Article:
Former prime minister Brian Mulroney says pipeline development is an opportunity for Prime Minister Justin Trudeau to bring Canadians together by creating jobs across the country.

“It’s a big challenge and there’s nothing guaranteed, but that’s what leadership is all about,” the former PM told CTV’s Question Period.

Mulroney said that while Trudeau isn’t to blame for what he calls “the last 15 years of inaction” regarding pipelines, it is up to him to bring Aboriginal, environmental and provincial stakeholders into agreement “to proceed with a nation-building exercise of moving our vast natural resources to the west and east coasts to provide employment and wealth for all Canadians.”

So far, the Trudeau government has remained undecided on its support for expanded oil production and future pipelines.

On Friday, Canada joined some 175 countries in signing the Paris Agreement— a non-binding United Nations accord setting ambitious climate change reduction targets. But the prime minster said that does not mean abandoning pipeline projects in Canada.

In January, Natural Resources Minister Jim Carr and Environment Minister Catherine McKenna said the government would take more time to study the environmental effects of the Energy East and Trans Mountain pipelines before approving either project.

But Mulroney said properly expanding Canada’s oil production would be “a big-ticket item going right into the history book.” He added that TransCanada’s Energy East pipeline is the place to start, saying the project “seems to be most advanced for the moment.”

That pipeline would bring 1.1 million barrels of bitumen a day from Alberta and Saskatchewan to Quebec and New Brunswick for shipping to overseas trade partners.

Environmentalists say the project would increase Canada's greenhouse gas emissions, preventing the country from meeting its climate change goals. But proponents say expanding Alberta's oil sands is necessary for Canada to grow its wealth before the country can transition to a lower-carbon economy.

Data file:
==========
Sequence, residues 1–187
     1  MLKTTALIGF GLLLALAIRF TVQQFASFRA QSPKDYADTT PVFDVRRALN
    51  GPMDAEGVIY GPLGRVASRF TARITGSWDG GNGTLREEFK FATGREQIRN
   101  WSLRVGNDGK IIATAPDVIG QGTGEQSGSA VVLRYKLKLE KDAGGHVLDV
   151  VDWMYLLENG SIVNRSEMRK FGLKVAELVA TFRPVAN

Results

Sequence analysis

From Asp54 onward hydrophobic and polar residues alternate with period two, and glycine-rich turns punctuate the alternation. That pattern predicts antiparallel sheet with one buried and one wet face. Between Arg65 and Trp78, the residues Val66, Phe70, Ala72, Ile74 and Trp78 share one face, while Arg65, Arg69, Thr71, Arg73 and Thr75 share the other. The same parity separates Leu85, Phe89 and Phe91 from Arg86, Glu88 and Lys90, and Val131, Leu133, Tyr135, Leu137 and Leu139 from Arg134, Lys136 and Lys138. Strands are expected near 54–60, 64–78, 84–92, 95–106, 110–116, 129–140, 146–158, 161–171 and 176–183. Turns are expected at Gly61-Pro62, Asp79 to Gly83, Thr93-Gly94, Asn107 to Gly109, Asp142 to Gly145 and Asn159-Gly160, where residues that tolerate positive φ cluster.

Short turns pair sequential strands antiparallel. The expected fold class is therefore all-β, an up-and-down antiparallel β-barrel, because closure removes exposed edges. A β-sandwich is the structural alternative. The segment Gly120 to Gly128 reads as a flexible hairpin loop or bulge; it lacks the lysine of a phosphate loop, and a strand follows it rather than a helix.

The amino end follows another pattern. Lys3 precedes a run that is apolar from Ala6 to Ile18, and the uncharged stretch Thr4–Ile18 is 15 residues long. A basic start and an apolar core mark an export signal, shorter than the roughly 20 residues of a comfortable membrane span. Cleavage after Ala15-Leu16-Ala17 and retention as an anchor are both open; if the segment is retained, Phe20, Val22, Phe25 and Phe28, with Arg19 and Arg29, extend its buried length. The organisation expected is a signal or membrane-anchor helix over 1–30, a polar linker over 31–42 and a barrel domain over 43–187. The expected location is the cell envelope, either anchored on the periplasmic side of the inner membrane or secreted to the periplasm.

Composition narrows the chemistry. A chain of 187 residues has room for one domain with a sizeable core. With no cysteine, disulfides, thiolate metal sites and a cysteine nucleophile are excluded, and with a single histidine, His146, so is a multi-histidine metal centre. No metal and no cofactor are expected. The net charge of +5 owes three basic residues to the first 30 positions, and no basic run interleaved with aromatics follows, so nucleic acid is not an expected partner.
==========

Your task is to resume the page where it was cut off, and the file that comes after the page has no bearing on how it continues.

“We cannot keep 174 billion barrels of oil in Alberta locked in the land and do nothing about it,” Mulroney said. “This is wealth that was God-given to Canada.”

So far, the pipeline has faced its most significant opposition in Quebec. In March, a Quebec Superior Court denied an environmental law group’s request for an injunction against Energy East, folding those legal proceedings into a similar court action launched by the provincial government.

On Friday, TransCanada heeded the Quebec’s government request of more information regarding environment risks of Energy East.

Under Quebec’s Environment Quality Act, TransCanada will have to produce a study on the impact of the project by June 6.

The Kinder Morgan pipeline, which would connect the Alberta oilsands to the suburbs of Vancouver, is pending federal approval while the Northern Gateway pipeline, which would carry oil further north through British Columbia, is facing many regulatory hurdles.

With files from CTV’s Question Period and The Canadian Press